The Exorcist: CIA Script?
One of the most widely-advertised and popular, but least-understood films to reach the mass audiences in several years is The Exorcist, based on a novel by William Blatty. Some background on the author and his techniques in the book and film tend to explain the effect of Blatty's work on a mass audience.
After graduating from Georgetown University (where the campus scenes in the movie were shot), Blatty worked for the Central Intelligence Agency in Lebanon in the 1950's, under U.S. Information Agency cover. Later, he returned to Washington to become Policy Branch Chief of the Psychological Warfare Division of the U.S. Air Force. As such, his job involved the military's promotion of popular anti-communist sentiment around McCarthyism at home and Cold War foreign policy abroad.
An example of the work carried out by psychological warfare in U.S. foreign policy is the orchestrated exodus of Catholics from North to South Vietnam in the mid-fifties. In collaboration with Dr. Tom Dooley (whom Blatty quotes in his book) and others, an extensive campaign was carried out by the Catholic Relief Service, local Catholic leaders and an American psychological warfare team combined to drive peasants south of the DMZ by telling them "the Virgin Mary has departed from the north" and "Christ has gone to the south." Amateur as this appears now, "The mass flight was admittedly the result of an extensive, well-conducted, and in terms of its objective, very successful American psychological warfare operation." (from The Indochina Story, Bantam, 1970.)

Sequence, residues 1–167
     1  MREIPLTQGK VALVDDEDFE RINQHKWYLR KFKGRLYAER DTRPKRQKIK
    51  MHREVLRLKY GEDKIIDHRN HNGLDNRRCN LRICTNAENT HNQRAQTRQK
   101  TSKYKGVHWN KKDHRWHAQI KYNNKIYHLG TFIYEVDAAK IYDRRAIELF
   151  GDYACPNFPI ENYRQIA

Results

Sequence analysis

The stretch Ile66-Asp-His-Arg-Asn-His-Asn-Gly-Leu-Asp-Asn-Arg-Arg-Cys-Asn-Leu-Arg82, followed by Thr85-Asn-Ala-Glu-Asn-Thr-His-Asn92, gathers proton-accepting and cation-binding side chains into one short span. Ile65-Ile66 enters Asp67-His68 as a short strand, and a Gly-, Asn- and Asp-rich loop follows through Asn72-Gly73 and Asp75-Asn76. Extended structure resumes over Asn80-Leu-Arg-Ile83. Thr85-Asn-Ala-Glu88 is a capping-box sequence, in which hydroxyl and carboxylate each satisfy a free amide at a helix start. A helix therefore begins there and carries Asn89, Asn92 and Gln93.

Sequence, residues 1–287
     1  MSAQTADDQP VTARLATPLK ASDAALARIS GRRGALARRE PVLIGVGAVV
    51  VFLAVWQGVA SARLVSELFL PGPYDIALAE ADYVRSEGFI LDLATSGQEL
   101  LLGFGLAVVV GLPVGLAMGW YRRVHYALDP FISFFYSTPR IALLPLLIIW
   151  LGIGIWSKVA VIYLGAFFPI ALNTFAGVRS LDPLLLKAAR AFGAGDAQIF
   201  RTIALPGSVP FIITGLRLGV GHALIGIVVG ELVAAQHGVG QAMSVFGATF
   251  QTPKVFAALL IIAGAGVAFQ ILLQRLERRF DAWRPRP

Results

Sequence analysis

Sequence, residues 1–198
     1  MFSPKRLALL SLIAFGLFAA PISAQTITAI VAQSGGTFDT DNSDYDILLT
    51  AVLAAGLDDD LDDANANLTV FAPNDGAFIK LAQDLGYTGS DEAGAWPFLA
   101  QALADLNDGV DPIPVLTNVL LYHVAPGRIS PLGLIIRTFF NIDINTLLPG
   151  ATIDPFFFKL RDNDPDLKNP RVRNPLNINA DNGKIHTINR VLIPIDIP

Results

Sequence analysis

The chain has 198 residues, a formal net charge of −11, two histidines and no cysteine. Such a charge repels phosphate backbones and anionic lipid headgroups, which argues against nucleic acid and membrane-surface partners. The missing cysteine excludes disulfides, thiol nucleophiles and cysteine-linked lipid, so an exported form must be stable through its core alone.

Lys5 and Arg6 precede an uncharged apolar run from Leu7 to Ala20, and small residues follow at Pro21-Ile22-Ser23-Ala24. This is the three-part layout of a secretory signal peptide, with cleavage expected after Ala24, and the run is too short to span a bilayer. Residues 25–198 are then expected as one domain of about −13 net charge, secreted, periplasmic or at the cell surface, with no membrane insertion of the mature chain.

In this post-'60's era, when a majority of youth on and off campus display a frustration with or an abandonment of traditional political "protest" activities, movie-going has enjoyed a sharp rise. This atmosphere has created a mass audience, one without specific political or spiritual direction and ripe for the suggestions which The Exorcist carries
The techniques used by Blatty in his Exorcist were well-honed by years of practice in the government business. While in the fifties crude psychological warfare could be foisted on naive groups, Mr. Blatty's sophisticated talents have several messages in the mid-'70's.
*Social conscience and faith in our own identity is eclipsed by the threat of infestation by demonic forces (the devil). Or, to quote Father Merrin in his central role as the priest-exorciser, "...I think the demon's target is not the possessed; it is us.. the observers...every person in this house. And I think the point is to make us despair, to reject our own humanity...to see ourselves as ultimately bestial; as ultimately vile and putrescent; without dignity; ugly unworthy. And there lies the heart of it, perhaps: in worthlessness. For I think belief in God is not a matter of reason at all: I think it finally is a matter of love; of accepting the possibility that God could love us..."
*Political activism is attacked by one of the main characters, Chris MacNeil, who condemns a campus demonstration by saying, "It's dumb! This scene is absolutely dumb! Her mind, though untutored, never mistook slogans for truth... And so the rebel cause, to her, was 'dumb.' It didn't make sense. How come? she wondered. Generation gap? That's a crock; I'm thirty-two. It's just plain dumb. that's all...!"
It is Blatty's message, then, that spiritual fixation and religious orthodoxy are, in the final analysis, at the service of political reaction. For religion, activated as a mass response to an externally conceived threat, can be a powerful ideological cement to keep the masses spellbound in a time of profound social crisis. For Blatty, the lessons of the 1955 Vietnam campaign have not been forgotten. Only the place and time have changed. - (From Counterspy, the Journal of the Organizing Committee For a Fifth Estate)